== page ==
Having a definition of a “clean” part and a means to quickly and effectively determine if the the criteria for cleanliness has been met is very critical to the success of any cleaning process. The problem, however, is that there are so many ways to define and detect cleanliness that the task can be a daunting one, especially for a new comer. But, even for us that have been in the cleaning business for decades there is the challenge of keeping up on the technologies available to detect cleanliness.
In this series, we will explore ways and methodologies to detect cleanliness. Things like sampling – how many sample parts need be tested from a given lot to assure with a target probability that the entire lot meets the cleanliness requirement? How do you deal with parts that have areas that are cleanliness critical and others areas that are not? How to avoid testing overkill that erodes profit and may not tell you much anyway. What cleanliness test works on what kind of parts and why. What is the effect of surface topography on cleanliness testing? When is destructive testing required and when might a passive test be just as effective and meaningful? And, finally, some things that have been proven NOT to work when it comes to cleanliness testing and why.
The evolution of cleanliness testing is pushed by improvements in cleaning technology overall because many cleanliness testing schemes rely on a better means of cleaning to dislodge and collect contaminants not removed by production cleaning. This is especially true in the case of particle residues. Today, we are testing for contaminating particles that are only a fraction of a micron in size. Under the best conditions the human eye can only detect a particle that is about 10 microns in size or greater. Up until recently, we always that “step ahead” cleaning technology to verify cleanliness of parts cleaned using conventional techniques. Hand cleaning with a solvent and a brush was used to collect particles not removed by water-based cleaning using agitation and spray. Eventually ultrasonic cleaning became the “gold standard.” But today, even ultrasonic cleaning requires a means to verify its effectiveness – what is that technology and what will be next.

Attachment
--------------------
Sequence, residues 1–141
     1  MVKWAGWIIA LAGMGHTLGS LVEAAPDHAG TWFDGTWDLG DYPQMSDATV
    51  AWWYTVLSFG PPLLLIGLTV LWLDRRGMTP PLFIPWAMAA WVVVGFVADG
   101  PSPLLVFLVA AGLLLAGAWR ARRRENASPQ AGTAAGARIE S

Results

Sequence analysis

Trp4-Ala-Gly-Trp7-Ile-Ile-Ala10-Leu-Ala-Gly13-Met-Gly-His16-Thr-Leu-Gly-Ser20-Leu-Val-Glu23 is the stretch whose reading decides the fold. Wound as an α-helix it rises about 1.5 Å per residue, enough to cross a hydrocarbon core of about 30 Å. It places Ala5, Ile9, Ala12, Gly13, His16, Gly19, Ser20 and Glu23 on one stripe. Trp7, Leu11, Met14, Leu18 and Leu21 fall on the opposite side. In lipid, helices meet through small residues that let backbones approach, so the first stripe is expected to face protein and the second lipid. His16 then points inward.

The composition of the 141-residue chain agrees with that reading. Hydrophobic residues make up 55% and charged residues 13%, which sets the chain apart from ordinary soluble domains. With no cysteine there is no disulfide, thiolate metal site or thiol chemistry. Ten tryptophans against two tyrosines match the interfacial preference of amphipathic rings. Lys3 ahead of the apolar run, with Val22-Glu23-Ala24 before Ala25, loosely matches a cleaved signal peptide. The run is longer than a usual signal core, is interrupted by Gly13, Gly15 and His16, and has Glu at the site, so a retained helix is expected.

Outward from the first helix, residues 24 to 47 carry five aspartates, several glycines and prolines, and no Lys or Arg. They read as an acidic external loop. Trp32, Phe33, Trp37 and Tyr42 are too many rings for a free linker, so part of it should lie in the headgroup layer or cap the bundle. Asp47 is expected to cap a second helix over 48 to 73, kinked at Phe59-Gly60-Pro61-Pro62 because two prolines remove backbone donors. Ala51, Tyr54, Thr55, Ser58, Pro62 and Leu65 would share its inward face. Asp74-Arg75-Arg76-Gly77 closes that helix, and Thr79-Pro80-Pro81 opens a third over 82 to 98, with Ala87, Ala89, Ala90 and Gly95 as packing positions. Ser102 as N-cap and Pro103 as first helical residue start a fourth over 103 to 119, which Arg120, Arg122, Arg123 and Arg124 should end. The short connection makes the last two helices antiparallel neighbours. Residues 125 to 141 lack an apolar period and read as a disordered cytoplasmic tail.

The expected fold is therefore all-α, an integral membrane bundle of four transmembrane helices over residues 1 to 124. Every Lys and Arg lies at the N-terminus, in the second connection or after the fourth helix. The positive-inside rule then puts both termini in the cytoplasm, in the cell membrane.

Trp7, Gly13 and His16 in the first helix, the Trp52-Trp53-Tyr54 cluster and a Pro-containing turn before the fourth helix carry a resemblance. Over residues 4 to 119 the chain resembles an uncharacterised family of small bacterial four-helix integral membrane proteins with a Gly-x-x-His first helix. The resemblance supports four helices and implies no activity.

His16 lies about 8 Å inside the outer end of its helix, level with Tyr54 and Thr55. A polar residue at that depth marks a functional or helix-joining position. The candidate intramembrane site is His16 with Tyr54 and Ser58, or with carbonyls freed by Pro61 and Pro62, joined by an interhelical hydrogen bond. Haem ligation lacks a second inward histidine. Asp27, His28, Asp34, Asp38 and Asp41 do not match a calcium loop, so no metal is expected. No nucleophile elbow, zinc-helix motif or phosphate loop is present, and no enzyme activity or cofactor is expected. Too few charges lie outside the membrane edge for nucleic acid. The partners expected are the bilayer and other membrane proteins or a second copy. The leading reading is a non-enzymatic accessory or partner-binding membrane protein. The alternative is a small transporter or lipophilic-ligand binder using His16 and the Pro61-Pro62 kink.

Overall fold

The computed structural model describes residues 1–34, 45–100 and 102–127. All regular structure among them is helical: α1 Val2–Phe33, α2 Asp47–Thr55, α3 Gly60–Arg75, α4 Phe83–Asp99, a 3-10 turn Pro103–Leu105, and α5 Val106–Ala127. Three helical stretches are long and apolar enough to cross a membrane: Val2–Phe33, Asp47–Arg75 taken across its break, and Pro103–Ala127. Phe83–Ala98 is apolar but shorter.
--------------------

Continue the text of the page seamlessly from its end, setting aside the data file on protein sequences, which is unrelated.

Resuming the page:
Residues other than particles such as oil, grease and other films similarly push the limits of detection. OSEE and other technologies including electron microscopy (to name a few) although they have been around for a long time and are continually developing are beginning to be challenged by the demanding requirement for cleanliness detection.
This series, although not exhaustive in scope, will attempt to arm the reader with some basic information and tips to help direct the search for means to detect cleanliness. A few years ago, I was working with a major manufacturer of medical equipment that had invested thousands of dollars and countless man hours in an attempt to develop a cleanliness test for a part made of a graphite composite. The test was complicated and tedious and yielded a result that was indicative but not definitive. In simple terms, a “supervisor” still had to evaluate the results to give meaning to the test. On seeing the problem, I was able to recommend a test that takes less than a minute and uses common items available in any manufacturing facility, office or even at home. The “quick and dirty” test, as it turns out, was at least as sensitive as the test the manufacturer had labored over for years and had some distinct analytical benefits – but no one there had ever heard of it. I think I’ll tell you more about that in the next blog.
This series on cleanliness testing will be interesting. We’ll explore some tests many will find simple and even silly and others that are pretty sophisticated and stretch technology to the limits. The fact is that they are all real and they have all been effective in one situation or another and are worth knowing about!
As always, thanks for reading along and let’s have fun with cleanliness testing for a while.
– FJF –